Mid front rounded vowel

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Mid front rounded vowel
ø
ø̞
IPA number 310 430
Encoding
Entity (decimal) ø​̞
Unicode (hex) U+00F8 U+031E
Braille ⠳ (braille pattern dots-1256) ⠠ (braille pattern dots-6) ⠣ (braille pattern dots-126)

The mid front rounded vowel is a type of vowel sound, used in some spoken languages.

While there is no dedicated symbol in the International Phonetic Alphabet that represents the "exact" mid front rounded vowel between close-mid [ø] and open-mid [œ] (since no language is known to distinguish all three), ø is generally used. If precision is desired, diacritics can be used, such as ø̞ or œ̝.

Features[edit]

IPA vowel chart
Front Near-​front Central Near-​back Back
Close
Blank vowel trapezoid.svg
iy
ɨʉ
ɯu
ɪʏ
eø
ɘɵ
ɤo
ø̞
ɛœ
ɜɞ
ʌɔ
aɶ
ɑɒ
Near-close
Close-mid
Mid
Open-mid
Near-open
Open
Paired vowels are: unrounded • rounded
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  • Its vowel height is mid, which means the tongue is positioned halfway between a close vowel and an open vowel.
  • Its vowel backness is front, which means the tongue is positioned as far forward as possible in the mouth without creating a constriction that would be classified as a consonant. Note that rounded front vowels are often centralized, which means that they're in fact near-front.
  • Its roundedness is compressed, which means that the margins of the lips are tense and drawn together in such a way that the inner surfaces are not exposed.

Occurrence[edit]

Language Word IPA Meaning Notes
Catalan Northern fulles [ˈfø̞jəs] 'leaves' Found in Occitan and French loanwords and interferences. See Catalan phonology
Chinese Shanghainese eu [ø̞] 'safe'
English New Zealand[1] bird [bø̞̈ːd] 'bird' Centralized.[1] May be [ɵ̟ː] or [œ̈ː] instead. See English phonology
Southeastern Welsh[2][3] Centralized.[2][3]
West Midlands[4] Centralized.[4]
Finnish[5] rölli [ˈrø̞̈lːi] 'Common bent' Centralized.[6] See Finnish phonology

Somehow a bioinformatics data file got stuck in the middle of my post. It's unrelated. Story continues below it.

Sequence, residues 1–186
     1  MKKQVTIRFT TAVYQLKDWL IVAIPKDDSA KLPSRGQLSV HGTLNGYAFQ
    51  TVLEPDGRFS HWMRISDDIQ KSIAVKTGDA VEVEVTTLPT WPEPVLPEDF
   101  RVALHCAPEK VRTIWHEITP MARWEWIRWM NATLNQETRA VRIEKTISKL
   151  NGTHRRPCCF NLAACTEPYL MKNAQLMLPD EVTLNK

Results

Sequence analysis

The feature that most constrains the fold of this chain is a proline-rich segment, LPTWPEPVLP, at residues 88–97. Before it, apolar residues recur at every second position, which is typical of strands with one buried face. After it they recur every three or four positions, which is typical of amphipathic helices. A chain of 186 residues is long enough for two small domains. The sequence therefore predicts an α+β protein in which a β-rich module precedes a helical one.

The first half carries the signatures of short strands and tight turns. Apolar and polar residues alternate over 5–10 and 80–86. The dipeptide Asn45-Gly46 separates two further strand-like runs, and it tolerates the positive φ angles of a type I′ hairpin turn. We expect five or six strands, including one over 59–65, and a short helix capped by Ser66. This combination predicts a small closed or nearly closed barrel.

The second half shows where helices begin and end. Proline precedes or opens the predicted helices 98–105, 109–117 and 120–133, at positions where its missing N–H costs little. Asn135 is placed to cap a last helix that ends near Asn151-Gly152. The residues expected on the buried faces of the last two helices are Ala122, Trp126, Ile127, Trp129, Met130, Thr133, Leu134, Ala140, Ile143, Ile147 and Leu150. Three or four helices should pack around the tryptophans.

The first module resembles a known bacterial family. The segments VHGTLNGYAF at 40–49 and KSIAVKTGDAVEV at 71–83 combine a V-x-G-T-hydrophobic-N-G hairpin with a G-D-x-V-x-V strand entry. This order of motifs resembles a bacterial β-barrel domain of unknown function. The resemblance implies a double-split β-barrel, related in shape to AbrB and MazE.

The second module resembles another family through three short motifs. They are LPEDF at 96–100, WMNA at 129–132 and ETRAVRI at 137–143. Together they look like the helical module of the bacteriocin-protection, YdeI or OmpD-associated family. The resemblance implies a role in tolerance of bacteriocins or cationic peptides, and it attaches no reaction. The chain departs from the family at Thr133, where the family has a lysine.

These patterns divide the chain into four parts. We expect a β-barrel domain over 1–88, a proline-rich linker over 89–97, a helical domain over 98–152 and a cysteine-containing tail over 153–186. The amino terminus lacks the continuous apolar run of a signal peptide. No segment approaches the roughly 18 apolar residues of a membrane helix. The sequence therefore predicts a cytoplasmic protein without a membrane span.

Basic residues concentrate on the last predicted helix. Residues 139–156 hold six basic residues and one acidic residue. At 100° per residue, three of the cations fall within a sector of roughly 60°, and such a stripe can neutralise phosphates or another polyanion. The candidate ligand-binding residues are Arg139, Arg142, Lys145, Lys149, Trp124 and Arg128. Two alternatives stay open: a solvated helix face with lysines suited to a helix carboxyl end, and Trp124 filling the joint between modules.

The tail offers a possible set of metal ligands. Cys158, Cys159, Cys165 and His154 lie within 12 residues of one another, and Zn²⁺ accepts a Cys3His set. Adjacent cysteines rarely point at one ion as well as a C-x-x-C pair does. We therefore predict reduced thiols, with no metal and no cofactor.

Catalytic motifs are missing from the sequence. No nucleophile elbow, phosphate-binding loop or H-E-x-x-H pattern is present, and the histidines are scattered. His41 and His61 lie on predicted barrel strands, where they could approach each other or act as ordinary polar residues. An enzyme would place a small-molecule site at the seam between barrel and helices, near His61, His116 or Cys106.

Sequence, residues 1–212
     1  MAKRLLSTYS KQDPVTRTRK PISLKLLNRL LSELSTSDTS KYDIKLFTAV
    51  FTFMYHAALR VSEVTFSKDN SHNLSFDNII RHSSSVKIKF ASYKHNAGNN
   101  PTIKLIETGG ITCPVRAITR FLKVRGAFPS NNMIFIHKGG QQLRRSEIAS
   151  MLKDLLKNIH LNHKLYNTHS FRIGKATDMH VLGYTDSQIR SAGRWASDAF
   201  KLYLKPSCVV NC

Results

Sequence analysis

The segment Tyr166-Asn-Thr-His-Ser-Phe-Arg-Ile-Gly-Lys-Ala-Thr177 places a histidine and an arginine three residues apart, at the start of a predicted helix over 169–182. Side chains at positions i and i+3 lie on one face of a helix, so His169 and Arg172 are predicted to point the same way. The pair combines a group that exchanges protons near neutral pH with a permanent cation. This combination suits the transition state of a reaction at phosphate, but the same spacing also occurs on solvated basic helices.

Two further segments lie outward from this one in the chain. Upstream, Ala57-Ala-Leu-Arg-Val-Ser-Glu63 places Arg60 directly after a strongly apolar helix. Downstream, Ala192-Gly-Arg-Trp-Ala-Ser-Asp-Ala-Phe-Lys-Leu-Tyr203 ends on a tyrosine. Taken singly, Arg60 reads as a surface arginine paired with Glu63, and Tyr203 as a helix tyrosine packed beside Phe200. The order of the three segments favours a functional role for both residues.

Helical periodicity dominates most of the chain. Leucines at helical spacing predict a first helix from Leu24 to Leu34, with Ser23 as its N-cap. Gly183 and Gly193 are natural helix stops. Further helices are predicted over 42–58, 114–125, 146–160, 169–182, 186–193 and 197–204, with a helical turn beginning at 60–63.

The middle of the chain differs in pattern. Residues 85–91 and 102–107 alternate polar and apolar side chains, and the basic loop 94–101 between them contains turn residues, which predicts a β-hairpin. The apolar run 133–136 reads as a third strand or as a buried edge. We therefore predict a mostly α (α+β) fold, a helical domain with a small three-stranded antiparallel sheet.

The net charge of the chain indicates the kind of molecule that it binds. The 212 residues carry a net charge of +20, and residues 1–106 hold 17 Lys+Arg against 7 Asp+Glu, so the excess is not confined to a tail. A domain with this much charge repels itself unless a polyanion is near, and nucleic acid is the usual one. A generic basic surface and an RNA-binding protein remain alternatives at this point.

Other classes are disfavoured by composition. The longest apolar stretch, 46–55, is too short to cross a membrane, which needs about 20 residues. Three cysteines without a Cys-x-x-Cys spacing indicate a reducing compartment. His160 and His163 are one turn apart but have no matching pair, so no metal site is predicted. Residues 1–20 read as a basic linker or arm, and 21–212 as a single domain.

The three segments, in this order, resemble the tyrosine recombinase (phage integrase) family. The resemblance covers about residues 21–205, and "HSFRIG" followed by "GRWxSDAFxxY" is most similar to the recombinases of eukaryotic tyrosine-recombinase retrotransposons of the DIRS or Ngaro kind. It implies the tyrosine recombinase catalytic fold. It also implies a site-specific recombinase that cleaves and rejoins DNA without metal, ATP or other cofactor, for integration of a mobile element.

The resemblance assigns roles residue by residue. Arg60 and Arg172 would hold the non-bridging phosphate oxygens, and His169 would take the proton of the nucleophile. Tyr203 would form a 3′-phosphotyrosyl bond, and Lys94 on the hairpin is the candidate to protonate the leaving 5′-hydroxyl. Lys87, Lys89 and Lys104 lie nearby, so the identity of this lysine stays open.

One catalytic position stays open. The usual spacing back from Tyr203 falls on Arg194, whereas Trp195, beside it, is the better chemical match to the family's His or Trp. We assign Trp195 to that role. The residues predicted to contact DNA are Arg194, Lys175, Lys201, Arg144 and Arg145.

German Standard[7] schön About this sound [ʃø̞̈ːn]  'beautiful' Centralized.[7] It's close-mid [ø̈ː] according to Kohler (1999) and Lodge (2009). See German phonology
Hungarian[8] öl [ø̞̈l] 'kill' Centralized. See Hungarian phonology
Korean[9] soe [sø̞ː] 'iron' Somewhat centralized.[9] Typically transcribed as /ø/. Diphthongized to [we] in modern standard Korean. See Korean phonology
Swedish Central Standard[10] nött About this sound [n̪œ̝̈t̪ː]  'worn' (past part. s.) Centralized. Typically transcribed as /œ/. See Swedish phonology
Turkish[11] göz [ɟø̞̈z] 'eye' Centralized; may be transcribed as /œ/. See Turkish phonology

References[edit]

Bibliography[edit]

  • Collins, Beverley; Mees, Inger M. (2003), The Phonetics of English and Dutch, Fifth Revised Edition, ISBN 9004103406 
  • Coupland, Nikolas (1990), English in Wales: Diversity, Conflict, and Change, p. 95, ISBN 1-85359-032-0 
  • Engstrand, Olle (1999), "Swedish", Handbook of the International Phonetic Association: A Guide to the usage of the International Phonetic Alphabet., Cambridge: Cambridge University Press, p. 140, ISBN 0-521-63751-1 
  • Iivonen, Antti; Harnud, Huhe (2005), "Acoustical comparison of the monophthong systems in Finnish, Mongolian and Udmurt", Journal of the International Phonetic Association 35 (1): 59–71, doi:10.1017/S002510030500191X 
  • Kohler, Klaus J. (1990), "German", Handbook of the International Phonetic Association: A guide to the use of the International Phonetic Alphabet, Cambridge: Cambridge University Press, pp. 86–89, ISBN 0-521-65236-7 
  • Lodge, Ken (2009), A Critical Introduction to Phonetics, ISBN 978-0-8264-8873-2 
  • Mangold, Max (2005), Das Aussprachewörterbuch, Duden, ISBN 9783411040667 
  • Roca, Iggy; Johnson, Wyn (1999), A Course in Phonology, Blackwell Publishing 
  • Szende, Tamás (1994), "Hungarian", Journal of the International Phonetic Alphabet 24 (2): 91–94, doi:10.1017/S0025100300005090 
  • Wells, John C. (1982), Accents of English, 2: The British Isles, Cambridge: Cambridge University Press. 
  • Suomi, Kari; Toivanen, Juhani; Ylitalo, Riikka (2008), Finnish sound structure, ISBN 978-951-42-8983-5 
  • Zimmer, Karl; Orgun, Orhan (1999), "Turkish", Handbook of the International Phonetic Association: A guide to the use of the International Phonetic Alphabet, Cambridge: Cambridge University Press, pp. 154–158, ISBN 0-521-65236-7